Hartford partner William Murray appeared before the Connecticut Supreme Court on October 25 on behalf of William Coleman, a prison inmate who has been on a self-imposed hunger strike for four years. Coleman has not eaten any solid food in that period, and has sustained himself on milk, juice and nutritional supplements, and on occasion has refused everything except water and ice chips. Murray's appearance was reported on by the Hartford Courant in the October 25 online edition of Courant.com.
Prison officials, fearing Coleman would die or face permanent organ damage, obtained a court order allowing them to force-feed him on numerous occasions.
The Supreme Court is weighing arguments between an inmate's rights and the obligations of the prison system.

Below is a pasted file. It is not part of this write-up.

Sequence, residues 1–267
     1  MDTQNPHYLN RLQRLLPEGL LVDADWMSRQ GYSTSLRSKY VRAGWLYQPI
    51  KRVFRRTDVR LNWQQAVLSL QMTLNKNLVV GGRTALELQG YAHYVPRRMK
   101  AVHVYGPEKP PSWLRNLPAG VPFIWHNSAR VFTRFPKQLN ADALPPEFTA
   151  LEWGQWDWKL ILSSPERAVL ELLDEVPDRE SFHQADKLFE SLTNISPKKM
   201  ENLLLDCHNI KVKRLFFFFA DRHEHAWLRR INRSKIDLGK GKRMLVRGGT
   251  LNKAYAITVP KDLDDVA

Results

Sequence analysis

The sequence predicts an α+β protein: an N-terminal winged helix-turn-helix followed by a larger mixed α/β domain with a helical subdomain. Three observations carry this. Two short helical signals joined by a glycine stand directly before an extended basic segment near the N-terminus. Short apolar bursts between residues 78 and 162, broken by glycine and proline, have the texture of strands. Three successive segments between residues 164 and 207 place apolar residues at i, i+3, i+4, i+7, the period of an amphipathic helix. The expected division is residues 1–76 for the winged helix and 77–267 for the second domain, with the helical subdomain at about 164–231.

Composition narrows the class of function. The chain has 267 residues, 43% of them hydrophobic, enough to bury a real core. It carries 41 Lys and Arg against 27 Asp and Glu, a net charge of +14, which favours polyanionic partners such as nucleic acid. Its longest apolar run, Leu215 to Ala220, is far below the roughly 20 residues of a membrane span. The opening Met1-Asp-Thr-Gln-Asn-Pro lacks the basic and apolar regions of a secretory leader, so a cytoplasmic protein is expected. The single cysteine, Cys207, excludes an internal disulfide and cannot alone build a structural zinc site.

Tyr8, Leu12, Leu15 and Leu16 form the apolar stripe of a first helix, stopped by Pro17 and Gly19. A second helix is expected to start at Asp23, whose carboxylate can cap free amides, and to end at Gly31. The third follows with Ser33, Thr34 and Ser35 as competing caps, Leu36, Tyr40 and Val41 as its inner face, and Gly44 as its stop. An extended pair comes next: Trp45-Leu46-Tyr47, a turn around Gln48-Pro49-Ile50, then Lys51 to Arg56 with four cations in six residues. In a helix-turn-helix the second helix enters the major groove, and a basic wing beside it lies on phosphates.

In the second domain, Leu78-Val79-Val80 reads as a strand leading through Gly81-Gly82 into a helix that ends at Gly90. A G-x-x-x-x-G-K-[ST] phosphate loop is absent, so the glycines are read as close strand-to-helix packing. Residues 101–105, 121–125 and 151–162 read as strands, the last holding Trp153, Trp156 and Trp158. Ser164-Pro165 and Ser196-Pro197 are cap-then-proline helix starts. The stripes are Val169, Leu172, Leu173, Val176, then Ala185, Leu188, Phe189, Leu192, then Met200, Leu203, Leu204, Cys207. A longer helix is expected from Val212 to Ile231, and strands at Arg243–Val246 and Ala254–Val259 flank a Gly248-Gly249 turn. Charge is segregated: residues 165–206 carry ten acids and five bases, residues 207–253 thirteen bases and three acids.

Murray, who is representing Coleman pro bono on behalf of the American Civil Liberties Union of Connecticut, argued that the First Amendment right to free speech allows Coleman to go on a hunger strike and his 14th Amendment right to privacy allows him to refuse medical treatment, such as force feeding.
The counter argument, presented by a Connecticut Assistant Attorney General, is that correction officials face "Herculean obstacles" in caring for prisoners while maintaining safety and security, and Coleman's actions could potentially trigger copycat hunger strikers, disrupting the prison system.
Coleman is using the hunger strike as a protest against a "hideously broken and hideously corrupt" judicial system. Coleman was convicted in 2005 and is serving an eight-year sentence for raping his wife during a bitter divorce and custody battle. His appeal was denied and he is scheduled for release in December 2012.
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